Important Noise Impact Ruling Changes Affecting UK BusinessBy Stuart Jessop Published 24 June, 2016
Changes made to the Class O of the Town & Country Planning order 2015 that came into effect in April 2016 will mean that planning authorities will now have to take noise impact from existing businesses into consideration when it comes to new residents and new residential developments.
Changes have been made in recent years that have allowed some developments to continue without the need to go through the full planning process. However, the new regulation now means that developers have to gain noise impact approval before they change an office to a residential building.
Proposals submitted by developers that include a request to use permitted development rights in order to convert offices to flats are not susceptible to planning permission. The new regulations come with the introduction of noise impact from current commercial uses on proposed new flats which means that an assessment will be carried out before the developer can exercise the permitted rights.
This means that developers will now have to prove that residential proposals that will be sensitive to noise will not be exposed to noise from current licensed premises. If there could be noise impact issues then construction methods used to reduce the noise will have to be approved.
For many, this is great news because it now protects venues from being inundated with complaints about the noise.
Will this change to the planning process have an effect? This could come down to timing because in the past, licenses have been threatened with review because of noise experienced by residents nearby. Therefore, the best way to deal with the potential issues is to have the developer deal with any potential noise problems when carrying out noise reduction works during the building of the development.
There is a possibility that the changes to the current permitted development rights could help. Class O includes the permitted development right when it comes to converting office(s) into residential units. Therefore, the developer is required to submit an application to the local authority asking whether they will have to receive prior approval. If it impacts things such as transport, highways, flooding and contamination, then it has to be considered. From the 6th April, noise from commercial premises and the impact that it has on those who may occupy the development will have to be taken into consideration. This means that operators will be able to demonstrate before the approval applications as well as making the council aware of the potential noise problems.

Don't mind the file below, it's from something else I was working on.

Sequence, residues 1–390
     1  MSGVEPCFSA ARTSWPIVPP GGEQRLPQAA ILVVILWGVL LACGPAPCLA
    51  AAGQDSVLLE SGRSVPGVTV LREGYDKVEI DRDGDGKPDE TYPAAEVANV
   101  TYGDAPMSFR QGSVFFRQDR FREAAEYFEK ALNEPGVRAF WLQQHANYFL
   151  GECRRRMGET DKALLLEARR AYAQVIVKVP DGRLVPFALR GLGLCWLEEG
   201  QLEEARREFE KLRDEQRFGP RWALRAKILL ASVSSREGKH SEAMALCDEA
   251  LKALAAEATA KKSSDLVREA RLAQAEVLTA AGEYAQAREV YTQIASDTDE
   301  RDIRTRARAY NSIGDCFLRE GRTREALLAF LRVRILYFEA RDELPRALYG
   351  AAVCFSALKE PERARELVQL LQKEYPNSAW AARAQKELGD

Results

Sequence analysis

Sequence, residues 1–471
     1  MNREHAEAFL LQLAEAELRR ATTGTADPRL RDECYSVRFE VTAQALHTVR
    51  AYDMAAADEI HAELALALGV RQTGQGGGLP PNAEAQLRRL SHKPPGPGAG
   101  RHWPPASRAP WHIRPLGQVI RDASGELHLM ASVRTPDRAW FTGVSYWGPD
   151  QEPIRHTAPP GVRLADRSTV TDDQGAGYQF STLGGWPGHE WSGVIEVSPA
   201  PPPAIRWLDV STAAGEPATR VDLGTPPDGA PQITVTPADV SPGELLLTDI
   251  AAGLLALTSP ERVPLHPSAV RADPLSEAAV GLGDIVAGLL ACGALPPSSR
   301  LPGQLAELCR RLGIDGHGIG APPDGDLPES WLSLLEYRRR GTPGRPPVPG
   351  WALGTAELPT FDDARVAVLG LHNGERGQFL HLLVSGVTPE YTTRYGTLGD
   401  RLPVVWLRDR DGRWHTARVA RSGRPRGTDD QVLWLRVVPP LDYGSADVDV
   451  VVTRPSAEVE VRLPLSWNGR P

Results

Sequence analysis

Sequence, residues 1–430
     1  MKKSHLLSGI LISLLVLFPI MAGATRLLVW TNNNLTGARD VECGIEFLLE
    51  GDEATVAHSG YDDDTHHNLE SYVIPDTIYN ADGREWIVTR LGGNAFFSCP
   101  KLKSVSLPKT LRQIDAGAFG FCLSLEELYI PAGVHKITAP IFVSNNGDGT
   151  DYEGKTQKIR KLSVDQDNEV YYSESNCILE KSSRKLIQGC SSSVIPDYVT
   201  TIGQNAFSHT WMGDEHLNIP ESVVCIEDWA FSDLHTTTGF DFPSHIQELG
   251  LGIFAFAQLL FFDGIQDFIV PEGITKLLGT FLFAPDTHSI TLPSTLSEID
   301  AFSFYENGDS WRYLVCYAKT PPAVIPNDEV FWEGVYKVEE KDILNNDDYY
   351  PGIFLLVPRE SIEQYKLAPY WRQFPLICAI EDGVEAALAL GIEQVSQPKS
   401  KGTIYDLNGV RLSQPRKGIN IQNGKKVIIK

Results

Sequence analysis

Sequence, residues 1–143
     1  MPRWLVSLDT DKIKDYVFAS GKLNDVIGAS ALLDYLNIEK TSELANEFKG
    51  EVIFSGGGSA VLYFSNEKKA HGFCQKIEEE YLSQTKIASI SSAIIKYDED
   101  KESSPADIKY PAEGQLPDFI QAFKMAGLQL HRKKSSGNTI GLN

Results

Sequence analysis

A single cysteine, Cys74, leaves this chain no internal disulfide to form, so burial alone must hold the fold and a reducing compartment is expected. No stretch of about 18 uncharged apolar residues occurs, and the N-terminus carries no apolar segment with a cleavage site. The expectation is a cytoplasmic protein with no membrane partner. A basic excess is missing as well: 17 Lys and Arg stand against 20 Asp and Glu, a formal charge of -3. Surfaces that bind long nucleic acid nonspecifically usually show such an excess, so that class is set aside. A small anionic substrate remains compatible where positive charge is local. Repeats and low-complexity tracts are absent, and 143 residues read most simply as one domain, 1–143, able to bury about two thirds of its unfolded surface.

So, the issue surrounding the noise that comes from your premises will have to be handled by the developer and this means that an impact assessment will have to take place. Therefore, the introductions of these new regulations are seen as positive changes to the planning law.
Stuart Jessop is an experienced barrister, specialising in Regulatory Law and in particular in the following areas; Licensing, Food Law, Planning and environmental enforcement and health and safety law. Stuart regularly advises and represents individuals, companies, local authorities and other regulatory authorities and appears in proceedings in tribunals, civil and criminal courts and the appellate courts.Article picture: Le Champ de Mars à Angoulême by Traumrune.
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